State v. ReevesAnnotate this Case
70 S.E.2d 9 (1952)
235 N.C. 427
STATE v. REEVES.
Supreme Court of North Carolina.
April 16, 1952.
*10 Harry McMullan, Atty. Gen., and T. W. Bruton, Asst. Atty. Gen., for the State.
Styles & Styles, Asheville, for defendant, appellant.
DEVIN, Chief Justice.
The defendant assigns error in the ruling of the trial judge in denying his motion for judgment of nonsuit interposed at the close of the State's evidence and renewed at the conclusion of all the evidence.
No good purpose would be served by setting out in detail the evidence as deposed by the witnesses, but we deem it sufficient to say that all of the evidence shown by the record has been given careful consideration, and that we conclude that defendant's motion for judgment of nonsuit was properly denied. Evidence was offered tending to show the presence in this case of all the elements necessary to constitute the crime charged in the bill of indictment. The age of the State's witness, the identity of the defendant as the perpetrator of the offense, and carnal knowledge of the witness by the defendant are sufficiently shown to carry the case to the jury.
The defendant by his motion questions the sufficiency of the evidence of penetration, but considering all the evidence on this point, both that of the girl and the physician, we are of opinion that it was sufficient, if accepted by the jury, to make out this element of the crime of rape. G.S. § 14-21; G.S. § 14-23; State v. Monds, 130 N.C. 697, 41 S.E. 789; State v. Bowman, 232 N.C. 374, 61 S.E.2d 107. On motion for nonsuit the State is entitled to have the evidence considered in its most favorable light. The reconciliation of any apparent discrepancy in the testimony, the weight of the evidence, and the credibility of the witnesses are all matters for the jury and not the court. State v. Hovis, 233 N.C. 359, 64 S.E.2d 564; State v. Robinson, 229 N.C. 647, 50 S.E.2d 740; State v. Lawrence, 196 N.C. 562, 146 S.E. 395.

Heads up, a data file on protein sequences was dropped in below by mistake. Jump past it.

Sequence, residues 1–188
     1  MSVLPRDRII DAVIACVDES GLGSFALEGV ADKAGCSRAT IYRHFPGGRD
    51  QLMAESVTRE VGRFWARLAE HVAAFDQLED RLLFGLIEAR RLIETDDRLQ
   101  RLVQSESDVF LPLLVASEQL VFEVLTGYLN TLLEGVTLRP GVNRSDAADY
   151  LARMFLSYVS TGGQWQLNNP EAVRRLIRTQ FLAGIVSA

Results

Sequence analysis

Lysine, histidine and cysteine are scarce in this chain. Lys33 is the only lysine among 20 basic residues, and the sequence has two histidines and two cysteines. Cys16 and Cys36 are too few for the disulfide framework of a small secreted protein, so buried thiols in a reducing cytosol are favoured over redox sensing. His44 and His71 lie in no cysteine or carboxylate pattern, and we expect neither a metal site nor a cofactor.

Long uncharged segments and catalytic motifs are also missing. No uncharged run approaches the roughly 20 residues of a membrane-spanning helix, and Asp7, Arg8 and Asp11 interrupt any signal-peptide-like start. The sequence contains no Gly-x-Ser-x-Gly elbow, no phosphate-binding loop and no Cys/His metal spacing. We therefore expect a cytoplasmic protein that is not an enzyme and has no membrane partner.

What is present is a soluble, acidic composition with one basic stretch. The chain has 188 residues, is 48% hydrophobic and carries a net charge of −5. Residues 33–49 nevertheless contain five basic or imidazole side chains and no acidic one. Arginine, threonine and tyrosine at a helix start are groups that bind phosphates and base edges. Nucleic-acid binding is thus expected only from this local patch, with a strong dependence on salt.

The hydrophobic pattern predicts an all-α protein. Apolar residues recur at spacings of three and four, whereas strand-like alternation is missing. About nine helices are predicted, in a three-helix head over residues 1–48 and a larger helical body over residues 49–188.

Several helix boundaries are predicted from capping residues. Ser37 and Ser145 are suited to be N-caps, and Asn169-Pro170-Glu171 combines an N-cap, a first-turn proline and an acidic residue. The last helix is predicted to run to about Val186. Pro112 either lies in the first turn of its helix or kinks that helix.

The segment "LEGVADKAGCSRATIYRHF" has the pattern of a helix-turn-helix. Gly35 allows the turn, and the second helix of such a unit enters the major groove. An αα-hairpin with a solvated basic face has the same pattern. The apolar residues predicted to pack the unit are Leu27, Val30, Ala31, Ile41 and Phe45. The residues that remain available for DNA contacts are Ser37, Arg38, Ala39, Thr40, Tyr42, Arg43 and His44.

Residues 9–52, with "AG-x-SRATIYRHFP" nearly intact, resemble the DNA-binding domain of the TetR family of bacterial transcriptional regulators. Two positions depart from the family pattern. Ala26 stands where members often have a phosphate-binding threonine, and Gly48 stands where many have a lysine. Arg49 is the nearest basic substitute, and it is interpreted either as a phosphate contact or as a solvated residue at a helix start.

There was no specific exception to the judge's charge to the jury, nor request for special instructions on any phase of the case, but defendant assigns error in that the judge failed to instruct the jury in regard to the law relating to circumstantial evidence. As the State's case was based on the direct testimony of witnesses, we are unable to perceive ground for complaint on this score. If defendant desired more specific instructions on any subordinate phase of the case, timely request therefor should have been made. State v. Warren, 228 N.C. 22, 44 S.E.2d 207; State v. Brooks, 228 N. C. 68, 44 S.E.2d 482; State v. Hicks, 229 N.C. 345, 49 S.E.2d 639; State v. Glatly, 230 N.C. 177, 52 S.E.2d 277.
The defendant's motion to set aside the verdict and for a new trial were properly denied. The defendant denied his guilt and testified he was elsewhere at the time and place of the commission of the offense charged. He offered other evidence in support of his contention, but the jury accepted the State's evidence as true and rendered verdict that the defendant was guilty of rape as charged. The fact that the jury under proper instructions from the court, as required by G.S. § 14-17, also recommended punishment of life imprisonment affords no ground of complaint on the part of the defendant. That was a matter in the discretion of the jury. State v. Simmons, 234 N.C. 290, 66 S.E.2d 897; State v. McMillan, 233 N.C. 630, 65 S.E.2d 212.
*11 It is worthy of note that on cross-examination the defendant admitted numerous convictions for larceny, particularly of automobiles, and that he had been imprisoned in this state and in the Federal Penitentiary, and "that he had been in and out of prison since he was 13 years old."
The trial of the defendant on the charge of rape as contained in the bill of indictment was free from error, and the verdict and judgment will be upheld.